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|Type:||Artigo de periódico|
|Title:||Reduced insulin secretion in response to nutrients in islets from malnourished young rats is associated with a diminished calcium uptake|
|Abstract:||Changes in Ca-45 uptake and insulin secretion in response to glucose, leucine, and arginine were measured in isolated islets derived from 4-week-old rats born of mothers maintained with normal protein (NP, 17%) or low protein (LP, 6%) diet during pregnancy and lactation. Glucose provoked a dose-dependent stimulation of insulin secretion in both groups of islets, with basal (2.8 mmol/L glucose) and maximal release (27.7 mmol/L glucose) significantly reduced in LP compared with NP islets. In the LP group the concentration-response curve to glucose was shifted to the right compared with the NP group, with the half-maximal response occurring at 16.9 and 13.3 mmol/L glucose, respectively. In LP islets, glucose-induced first and second phases of insulin secretions were drastically reduced. In addition, insulin response to individual amino acids, or in association with glucose, was also significantly reduced in the LP group compared with NP islets. Finally, in LP islets the Ca-45 uptake after 5 minutes or 90 minutes of incubation (which reflect mainly the entry and retention, respectively, of Ca2+), was lower than in NP islets. These data indicate that in malnourished rats both initial and sustained phases of insulin secretion in response to glucose were reduced. This poor secretory response to nutrients seems to be the consequence of an altered Ca2+ handling by malnourished islet cells. (J. Nutr. Biochem. 10:37-43, 1999) (C) Elsevier Science Inc. 1999. All rights reserved.|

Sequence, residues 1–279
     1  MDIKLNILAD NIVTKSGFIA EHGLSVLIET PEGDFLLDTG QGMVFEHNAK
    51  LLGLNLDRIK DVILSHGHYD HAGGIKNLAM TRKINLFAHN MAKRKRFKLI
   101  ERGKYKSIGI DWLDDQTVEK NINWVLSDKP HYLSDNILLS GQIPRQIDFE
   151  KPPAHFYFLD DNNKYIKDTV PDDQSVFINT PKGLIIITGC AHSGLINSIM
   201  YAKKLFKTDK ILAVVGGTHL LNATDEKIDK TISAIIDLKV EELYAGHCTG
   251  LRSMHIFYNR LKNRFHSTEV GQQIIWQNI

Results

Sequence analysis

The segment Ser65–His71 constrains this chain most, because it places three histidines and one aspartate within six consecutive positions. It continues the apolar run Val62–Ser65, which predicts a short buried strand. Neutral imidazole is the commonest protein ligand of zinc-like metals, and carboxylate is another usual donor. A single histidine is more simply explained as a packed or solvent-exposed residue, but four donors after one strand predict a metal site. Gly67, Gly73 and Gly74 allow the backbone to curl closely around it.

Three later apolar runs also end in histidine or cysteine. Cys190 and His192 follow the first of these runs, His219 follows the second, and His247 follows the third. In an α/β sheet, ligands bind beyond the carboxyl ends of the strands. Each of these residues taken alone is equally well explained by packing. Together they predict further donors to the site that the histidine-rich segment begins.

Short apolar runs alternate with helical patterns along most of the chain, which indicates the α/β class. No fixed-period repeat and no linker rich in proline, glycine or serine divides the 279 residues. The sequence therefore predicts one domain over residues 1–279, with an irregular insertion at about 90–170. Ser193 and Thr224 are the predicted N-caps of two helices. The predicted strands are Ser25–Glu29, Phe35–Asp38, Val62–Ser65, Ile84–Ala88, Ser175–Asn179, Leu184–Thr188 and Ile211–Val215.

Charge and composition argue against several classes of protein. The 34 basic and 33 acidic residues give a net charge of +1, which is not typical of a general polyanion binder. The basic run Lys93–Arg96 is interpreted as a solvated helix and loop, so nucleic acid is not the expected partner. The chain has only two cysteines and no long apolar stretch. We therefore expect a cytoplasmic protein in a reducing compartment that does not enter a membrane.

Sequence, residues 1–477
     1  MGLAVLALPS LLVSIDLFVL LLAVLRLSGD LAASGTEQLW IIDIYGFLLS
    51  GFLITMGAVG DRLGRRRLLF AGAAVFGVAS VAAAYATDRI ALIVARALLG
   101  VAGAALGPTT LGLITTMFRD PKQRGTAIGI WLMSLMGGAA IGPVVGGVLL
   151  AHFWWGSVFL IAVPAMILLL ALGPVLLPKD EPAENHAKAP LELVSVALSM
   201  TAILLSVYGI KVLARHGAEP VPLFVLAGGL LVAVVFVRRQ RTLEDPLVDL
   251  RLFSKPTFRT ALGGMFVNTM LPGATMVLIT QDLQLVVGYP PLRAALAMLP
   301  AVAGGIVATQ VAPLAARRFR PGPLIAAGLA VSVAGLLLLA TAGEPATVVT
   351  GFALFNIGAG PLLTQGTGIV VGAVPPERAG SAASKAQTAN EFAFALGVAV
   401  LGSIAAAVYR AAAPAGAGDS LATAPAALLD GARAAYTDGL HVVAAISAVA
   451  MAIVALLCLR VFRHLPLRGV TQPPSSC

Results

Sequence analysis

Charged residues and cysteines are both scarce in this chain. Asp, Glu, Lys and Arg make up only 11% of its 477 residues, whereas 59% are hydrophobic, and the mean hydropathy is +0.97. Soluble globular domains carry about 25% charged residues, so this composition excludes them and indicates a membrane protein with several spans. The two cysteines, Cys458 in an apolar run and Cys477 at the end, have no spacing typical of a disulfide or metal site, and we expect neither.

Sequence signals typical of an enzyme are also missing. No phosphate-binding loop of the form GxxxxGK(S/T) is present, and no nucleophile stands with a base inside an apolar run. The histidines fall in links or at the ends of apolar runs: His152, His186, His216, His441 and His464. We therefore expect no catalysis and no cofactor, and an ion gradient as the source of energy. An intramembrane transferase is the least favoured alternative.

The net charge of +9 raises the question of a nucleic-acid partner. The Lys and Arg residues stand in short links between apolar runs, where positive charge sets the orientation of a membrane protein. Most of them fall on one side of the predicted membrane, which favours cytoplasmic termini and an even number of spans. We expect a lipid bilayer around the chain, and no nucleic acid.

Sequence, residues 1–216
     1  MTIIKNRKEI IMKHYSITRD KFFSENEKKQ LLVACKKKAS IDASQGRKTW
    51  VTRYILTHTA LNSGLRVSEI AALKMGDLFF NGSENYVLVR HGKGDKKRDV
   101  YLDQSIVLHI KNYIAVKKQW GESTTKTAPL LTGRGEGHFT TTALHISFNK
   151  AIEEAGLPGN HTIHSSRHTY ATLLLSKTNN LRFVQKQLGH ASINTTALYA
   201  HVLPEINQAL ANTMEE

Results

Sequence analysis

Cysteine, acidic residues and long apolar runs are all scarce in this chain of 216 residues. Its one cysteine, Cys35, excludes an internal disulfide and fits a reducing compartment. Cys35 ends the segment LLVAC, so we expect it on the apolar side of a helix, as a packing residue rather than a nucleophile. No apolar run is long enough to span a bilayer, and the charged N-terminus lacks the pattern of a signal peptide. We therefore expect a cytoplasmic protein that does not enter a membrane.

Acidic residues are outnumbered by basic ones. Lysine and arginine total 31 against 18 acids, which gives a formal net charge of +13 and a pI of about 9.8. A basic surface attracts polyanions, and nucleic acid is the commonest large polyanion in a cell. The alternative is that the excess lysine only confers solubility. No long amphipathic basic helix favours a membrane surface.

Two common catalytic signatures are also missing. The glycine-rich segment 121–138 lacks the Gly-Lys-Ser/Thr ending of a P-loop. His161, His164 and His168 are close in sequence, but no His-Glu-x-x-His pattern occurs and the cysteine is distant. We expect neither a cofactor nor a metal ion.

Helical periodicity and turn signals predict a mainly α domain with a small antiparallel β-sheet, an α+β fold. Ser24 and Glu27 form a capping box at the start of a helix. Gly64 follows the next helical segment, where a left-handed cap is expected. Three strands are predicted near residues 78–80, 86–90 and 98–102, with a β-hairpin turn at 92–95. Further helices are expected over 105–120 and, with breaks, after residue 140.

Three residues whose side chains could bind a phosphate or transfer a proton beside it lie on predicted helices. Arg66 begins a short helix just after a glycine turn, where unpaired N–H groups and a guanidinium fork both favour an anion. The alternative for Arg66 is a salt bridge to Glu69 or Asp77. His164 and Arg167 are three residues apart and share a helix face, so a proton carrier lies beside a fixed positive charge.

|Editor:||Elsevier Science Inc|
|Citation:||Journal Of Nutritional Biochemistry. Elsevier Science Inc, v. 10, n. 1, n. 37, n. 43, 1999.|
|Appears in Collections:||Unicamp - Artigos e Outros Documentos|
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